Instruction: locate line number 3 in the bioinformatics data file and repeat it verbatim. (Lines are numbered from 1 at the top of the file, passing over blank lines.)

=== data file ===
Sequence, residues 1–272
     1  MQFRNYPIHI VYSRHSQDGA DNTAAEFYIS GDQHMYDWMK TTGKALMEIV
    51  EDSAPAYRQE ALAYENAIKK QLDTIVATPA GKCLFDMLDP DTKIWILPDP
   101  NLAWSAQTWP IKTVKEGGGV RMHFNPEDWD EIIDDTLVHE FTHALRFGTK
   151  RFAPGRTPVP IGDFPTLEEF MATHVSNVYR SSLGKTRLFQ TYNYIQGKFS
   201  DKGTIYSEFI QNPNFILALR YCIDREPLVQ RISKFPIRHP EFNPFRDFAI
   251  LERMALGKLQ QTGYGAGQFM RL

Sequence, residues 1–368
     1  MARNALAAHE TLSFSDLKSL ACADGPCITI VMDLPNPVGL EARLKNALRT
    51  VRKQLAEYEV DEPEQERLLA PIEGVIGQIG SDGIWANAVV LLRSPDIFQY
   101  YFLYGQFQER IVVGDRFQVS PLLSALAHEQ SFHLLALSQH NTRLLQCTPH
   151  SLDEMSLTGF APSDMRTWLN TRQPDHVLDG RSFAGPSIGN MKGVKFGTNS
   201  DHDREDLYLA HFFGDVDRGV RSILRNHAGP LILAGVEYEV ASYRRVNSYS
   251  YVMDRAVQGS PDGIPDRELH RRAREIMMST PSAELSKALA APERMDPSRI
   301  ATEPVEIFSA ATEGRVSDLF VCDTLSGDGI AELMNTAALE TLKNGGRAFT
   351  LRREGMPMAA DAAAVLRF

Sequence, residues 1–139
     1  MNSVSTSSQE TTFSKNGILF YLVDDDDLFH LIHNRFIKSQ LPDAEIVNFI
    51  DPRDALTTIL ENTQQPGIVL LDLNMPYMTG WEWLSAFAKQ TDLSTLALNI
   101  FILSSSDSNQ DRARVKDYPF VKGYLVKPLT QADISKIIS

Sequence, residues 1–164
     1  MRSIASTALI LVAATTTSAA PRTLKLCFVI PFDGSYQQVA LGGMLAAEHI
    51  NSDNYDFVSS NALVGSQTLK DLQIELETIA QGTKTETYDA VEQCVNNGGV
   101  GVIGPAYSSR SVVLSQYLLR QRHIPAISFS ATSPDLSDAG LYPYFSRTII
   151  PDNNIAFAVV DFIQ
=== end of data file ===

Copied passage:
    51  EDSAPAYRQE ALAYENAIKK QLDTIVATPA GKCLFDMLDP DTKIWILPDP